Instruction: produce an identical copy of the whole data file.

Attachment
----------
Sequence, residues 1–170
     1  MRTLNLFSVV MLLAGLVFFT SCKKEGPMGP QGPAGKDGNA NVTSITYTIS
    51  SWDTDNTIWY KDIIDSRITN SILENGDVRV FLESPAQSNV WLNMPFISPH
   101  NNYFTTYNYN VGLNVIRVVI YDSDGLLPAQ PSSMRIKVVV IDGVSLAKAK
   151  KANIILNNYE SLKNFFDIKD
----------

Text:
Sequence, residues 1–170
     1  MRTLNLFSVV MLLAGLVFFT SCKKEGPMGP QGPAGKDGNA NVTSITYTIS
    51  SWDTDNTIWY KDIIDSRITN SILENGDVRV FLESPAQSNV WLNMPFISPH
   101  NNYFTTYNYN VGLNVIRVVI YDSDGLLPAQ PSSMRIKVVV IDGVSLAKAK
   151  KANIILNNYE SLKNFFDIKD